FSU also has some legal issues, after senior starting offensive guard Bobby Meeks was arrested for punching and kicking a police officer in Tallahassee. In a sorry gauge on the state of college football, the Seminoles (who have ample depth on the line) came out with the edge in the head-to-head comparison of felony resisting arrest charges.
Several Signs Point Toward Win
In the more traditional head-to-head comparisons, FSU also appears to enjoy an advantage.
In contrast with UM's attempt to reload after going 27-1 in the Big East since 2000, FSU has a fifth-year senior and four-year starter at quarterback in Chris Rix, an extremely gifted backfield led by tailbacks Leon Washington and Lorenzo Booker, and a solid offensive line featuring All-American candidate Alex Barron.
Nine of 11 starters return on offense for FSU, including the team's top receiver in Craphonso Thorpe. Though he suffered a severely broken leg against N.C. State on Nov. 15, Thorpe recently ran a 4.25-second 40-yard dash in summer speed tests at FSU and has gained weight and muscle in his recovery.
Rix, through erratic decision-making, has demonstrated an inability to carry the Seminoles when he tries to do it alone. But he has enough talent around him and enough experience to finally know better, right?
The big test comes against Miami. Again.
After one of his worst performances last season during a regular-season loss to UM (two interceptions that led to UM touchdowns, including a 50-yard return for a score by Taylor, and a fumble to set up a field goal), Rix was placed on restrictions for the Orange Bowl rematch. Harnessed by a conservative game plan, Rix completed just six of 19 passes for 96 yards, and he still managed to throw his third interception of the year to Taylor. After a 52-yard first-quarter pass to set up a score, Rix threw for just 25 yards over the final three quarters. FSU finished with 10 first downs and 206 yards of total offense.
Most of that Miami defense is gone. Almost all of Rix's offense is back for a third shot at the Hurricanes in a 12-month span.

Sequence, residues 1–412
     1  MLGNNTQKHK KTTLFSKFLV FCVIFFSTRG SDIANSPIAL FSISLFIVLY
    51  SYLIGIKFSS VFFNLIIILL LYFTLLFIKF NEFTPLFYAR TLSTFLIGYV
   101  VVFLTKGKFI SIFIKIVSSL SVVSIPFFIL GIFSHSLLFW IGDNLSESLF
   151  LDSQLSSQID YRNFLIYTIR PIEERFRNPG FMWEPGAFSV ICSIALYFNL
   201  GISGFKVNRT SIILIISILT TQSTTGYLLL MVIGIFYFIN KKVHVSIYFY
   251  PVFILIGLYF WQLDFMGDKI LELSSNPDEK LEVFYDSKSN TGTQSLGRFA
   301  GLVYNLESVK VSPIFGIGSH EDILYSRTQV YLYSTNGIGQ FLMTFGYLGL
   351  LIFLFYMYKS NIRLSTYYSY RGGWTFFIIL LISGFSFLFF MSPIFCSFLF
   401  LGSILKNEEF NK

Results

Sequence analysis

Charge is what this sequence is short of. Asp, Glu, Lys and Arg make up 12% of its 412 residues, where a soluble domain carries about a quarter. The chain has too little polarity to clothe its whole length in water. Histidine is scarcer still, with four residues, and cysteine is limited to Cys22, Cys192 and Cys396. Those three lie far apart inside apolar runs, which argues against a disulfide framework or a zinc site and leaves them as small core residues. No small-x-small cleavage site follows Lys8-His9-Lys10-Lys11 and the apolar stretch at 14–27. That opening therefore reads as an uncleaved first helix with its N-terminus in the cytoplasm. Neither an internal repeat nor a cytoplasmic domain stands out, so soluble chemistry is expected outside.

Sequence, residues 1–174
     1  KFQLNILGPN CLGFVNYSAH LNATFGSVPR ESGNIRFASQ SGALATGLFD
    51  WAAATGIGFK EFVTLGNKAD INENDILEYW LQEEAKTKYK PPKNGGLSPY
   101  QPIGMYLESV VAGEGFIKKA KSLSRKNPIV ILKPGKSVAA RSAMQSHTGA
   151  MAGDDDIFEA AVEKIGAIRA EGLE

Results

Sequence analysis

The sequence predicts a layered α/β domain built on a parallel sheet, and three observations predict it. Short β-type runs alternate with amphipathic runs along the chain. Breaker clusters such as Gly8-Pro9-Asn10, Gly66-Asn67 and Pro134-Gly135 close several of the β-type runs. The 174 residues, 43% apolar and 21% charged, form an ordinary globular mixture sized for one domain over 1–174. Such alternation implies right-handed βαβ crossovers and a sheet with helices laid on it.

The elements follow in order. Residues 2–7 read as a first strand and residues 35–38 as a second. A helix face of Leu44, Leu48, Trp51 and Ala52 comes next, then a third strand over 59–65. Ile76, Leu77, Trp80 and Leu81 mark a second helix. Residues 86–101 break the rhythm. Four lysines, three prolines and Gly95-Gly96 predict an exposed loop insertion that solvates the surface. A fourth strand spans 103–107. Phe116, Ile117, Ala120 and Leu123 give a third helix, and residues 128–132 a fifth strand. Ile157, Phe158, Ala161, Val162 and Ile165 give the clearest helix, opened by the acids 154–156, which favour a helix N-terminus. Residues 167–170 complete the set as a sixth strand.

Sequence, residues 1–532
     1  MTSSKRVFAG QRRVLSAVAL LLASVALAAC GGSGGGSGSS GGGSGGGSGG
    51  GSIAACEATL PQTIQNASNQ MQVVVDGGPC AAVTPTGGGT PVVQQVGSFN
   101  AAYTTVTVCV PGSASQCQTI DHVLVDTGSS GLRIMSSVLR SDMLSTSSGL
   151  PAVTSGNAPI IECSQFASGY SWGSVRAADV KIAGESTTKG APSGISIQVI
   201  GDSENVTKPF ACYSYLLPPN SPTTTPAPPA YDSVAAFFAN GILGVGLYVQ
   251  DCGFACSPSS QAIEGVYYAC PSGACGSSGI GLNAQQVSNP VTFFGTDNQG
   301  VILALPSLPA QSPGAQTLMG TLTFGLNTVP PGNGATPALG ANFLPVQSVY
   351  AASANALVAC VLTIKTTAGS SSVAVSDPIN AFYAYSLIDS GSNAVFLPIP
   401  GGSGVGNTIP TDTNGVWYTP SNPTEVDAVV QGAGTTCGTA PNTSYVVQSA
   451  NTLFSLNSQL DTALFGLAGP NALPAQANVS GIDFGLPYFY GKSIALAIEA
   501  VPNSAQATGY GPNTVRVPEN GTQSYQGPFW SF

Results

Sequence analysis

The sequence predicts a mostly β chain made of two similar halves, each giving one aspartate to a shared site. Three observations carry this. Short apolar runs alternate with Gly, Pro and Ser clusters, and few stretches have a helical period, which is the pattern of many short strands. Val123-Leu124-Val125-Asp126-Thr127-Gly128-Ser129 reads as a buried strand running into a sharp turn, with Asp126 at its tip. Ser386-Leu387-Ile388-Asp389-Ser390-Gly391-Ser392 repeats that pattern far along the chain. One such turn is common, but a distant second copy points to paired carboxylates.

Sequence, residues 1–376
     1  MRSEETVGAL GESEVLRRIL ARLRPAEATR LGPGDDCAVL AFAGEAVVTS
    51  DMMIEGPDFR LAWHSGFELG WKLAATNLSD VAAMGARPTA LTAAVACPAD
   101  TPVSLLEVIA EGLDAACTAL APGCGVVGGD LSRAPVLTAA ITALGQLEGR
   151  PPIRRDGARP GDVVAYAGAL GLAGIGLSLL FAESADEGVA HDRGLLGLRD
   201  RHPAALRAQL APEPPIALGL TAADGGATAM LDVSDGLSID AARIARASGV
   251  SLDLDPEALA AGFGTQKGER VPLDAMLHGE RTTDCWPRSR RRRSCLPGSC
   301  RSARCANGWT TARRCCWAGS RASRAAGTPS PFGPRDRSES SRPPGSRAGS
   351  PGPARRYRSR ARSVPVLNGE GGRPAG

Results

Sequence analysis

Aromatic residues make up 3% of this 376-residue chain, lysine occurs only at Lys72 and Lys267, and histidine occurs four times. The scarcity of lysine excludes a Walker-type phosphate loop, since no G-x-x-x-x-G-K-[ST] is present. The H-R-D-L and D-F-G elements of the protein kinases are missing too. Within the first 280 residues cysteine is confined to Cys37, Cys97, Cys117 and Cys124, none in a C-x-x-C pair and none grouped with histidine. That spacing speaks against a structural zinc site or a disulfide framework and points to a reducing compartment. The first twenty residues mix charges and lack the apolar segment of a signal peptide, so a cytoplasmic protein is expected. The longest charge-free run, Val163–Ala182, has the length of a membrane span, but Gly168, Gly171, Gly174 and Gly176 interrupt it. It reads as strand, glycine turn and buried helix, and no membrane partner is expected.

You're left to wonder what FSU's (and Rix's) mental state would be with yet another loss to UM on Sept. 6. The Seminoles, who likely will be in the preseason top five in the national rankings, not only will be left with the realization that their days of owning the ACC may be over, but also with the reality of a one-year quirk in scheduling that puts the loser of the season opener in double jeopardy.
Because there is no ACC championship game this year, and because of the head-to-head tiebreaker, the loser of the FSU-UM game essentially will be two games behind the winner in the league standings. Whichever team wins on Labor Day still may not run the table in the ACC, but it isn't likely to lose twice in the conference over the remaining seven league games. That makes it highly unlikely that FSU could overcome UM (or vice versa) with a season-opening loss, though a BCS at-large berth would remain a possibility.
In addition, FSU has the good fortune of not playing Virginia Tech or Georgia Tech in 2004, although the Seminoles must play at Maryland on Oct. 30. Miami does not face Maryland this fall.
When Rix walked off the field following the Orange Bowl loss in January, he optimistically expressed approval that FSU and Miami would meet again to open the 2004 season. The Seminole Nation is counting on him to finally make good against the Hurricanes. After all, far more than Rix's personal redemption is on the line for the Seminoles and their perch in the ACC football hierarchy.